Safety first?

Depending on who you ask, Bangkok is an amazing/horrible, peaceful/chaotic, idyllic/nightmarish place to live. Just like every other developing city, we have our share of problems. And just like every other developing city, we try to improve our surroundings and protect people from harm.

However, no matter what your perception is of this City of (Fallen) Angels, there's one thing we can agree on: Bangkok never fails to entertain with some of the ridiculous ways it promotes safety.

Here are some examples of safety measures that probably started out with good intentions, but passed through a malfunctioning cerebral cortex, got caught up with some misfiring synapses, and came out a mess of mushy mistakes.

Deterring the dreaded "dek waen"

This banner, spotted on Rama IV Road earlier this week, bears this message: "At this intersection, dek waen have DIED!" Note that the red, blood-dripping word in huge Thai letters is "DIED!" How's that for drama (and morbidity)?

If you live under a rose-coloured rock, here's some background: Dek waen refers to rebellious Thai youth gangs who have a penchant for thrill-seeking behaviour such as dangerously racing motorcycles (to impress girls), ignoring laws (to impress girls), and generally wreaking havoc (to impress girls). One unfortunate consequence of this kind of fast and furious behaviour results in some of them, well, getting killed.

Police have tried to implement harsher measures to quash dek waen behaviour. But perhaps this had little effect, because this peachy sign has now been crafted. Do police think that dek waen are even going to see what this banner says as they're whizzing by on their motorcycles? If anything, it's us regular non-delinquent folk who have to look at the gloomy reminder of death while stuck in traffic. Thanks for the pleasant experience!

Seizing the snatch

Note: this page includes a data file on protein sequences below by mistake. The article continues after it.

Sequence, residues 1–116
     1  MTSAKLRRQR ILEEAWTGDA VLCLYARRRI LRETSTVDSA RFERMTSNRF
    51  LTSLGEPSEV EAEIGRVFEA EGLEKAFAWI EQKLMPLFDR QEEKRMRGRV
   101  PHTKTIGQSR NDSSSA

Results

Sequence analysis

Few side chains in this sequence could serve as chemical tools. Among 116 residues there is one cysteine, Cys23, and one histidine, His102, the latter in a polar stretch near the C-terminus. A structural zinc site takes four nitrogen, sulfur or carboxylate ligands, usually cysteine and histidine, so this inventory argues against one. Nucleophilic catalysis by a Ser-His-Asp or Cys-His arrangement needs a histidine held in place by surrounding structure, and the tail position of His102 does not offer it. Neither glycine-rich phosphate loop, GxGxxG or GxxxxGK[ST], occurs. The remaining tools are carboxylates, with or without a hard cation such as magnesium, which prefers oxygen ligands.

Another common problem in some parts of Bangkok is the scourge of the bag-snatchers. It usually happens when two people on a motorcycle drive by, and quickly grab a purse from an unsuspecting woman walking by. In some cases, this has resulted in extreme injuries - even death - for women who have tried to hold on to their purses. So it makes sense that women (and men carrying man-purses) should be careful.

Unfortunately, for English-speaking people who are overgrown, immature adults (like myself), the sign that's been put up to caution people of bag-snatchers is, erm, well, hahaha... These warnings evoke a whole different depraved meaning, because it doesn't include the all-important reference to bags or purses. Rather, it just advises people to beware of "snatch theft". If you don't know the dirty slang being connoted here, I won't explain because some of us should still be able to retain our innocence.

A dummy's guide to being a dummy

While some of us may think "dummy police" is a redundant phrase, it actually refers to fake statues of cops that have been put up around the city since early 2008 to prevent motorists from doing things like speeding or running red lights. Since then, the human police force has really invested in their dummy counterparts. Recently, the dummies were equipped with CCTVs and high-speed cameras to assist cops, and inadvertently bring us closer to the robot apocalypse.

As ridiculous as the whole premise of using fake cops is, there's one particular dummy cop situated on Khao San Road that has been given a "Superman makeover". To help tourists feel safer, the sign reads: "Superman sleeps. The Super Police hasn't yet. Never did and never will." Sure, it's cute in its gimmick, but if the police actually wanted to stay with the Superman theme, perhaps they should have written something like: "Is it a bird? Is it a plane? Yeah, it's probably one of those things because it's definitely not the Super Police doing anything to make the city safer!"G

About the author

Writer: Sumati Sivasiamphai
Position: Guru Editor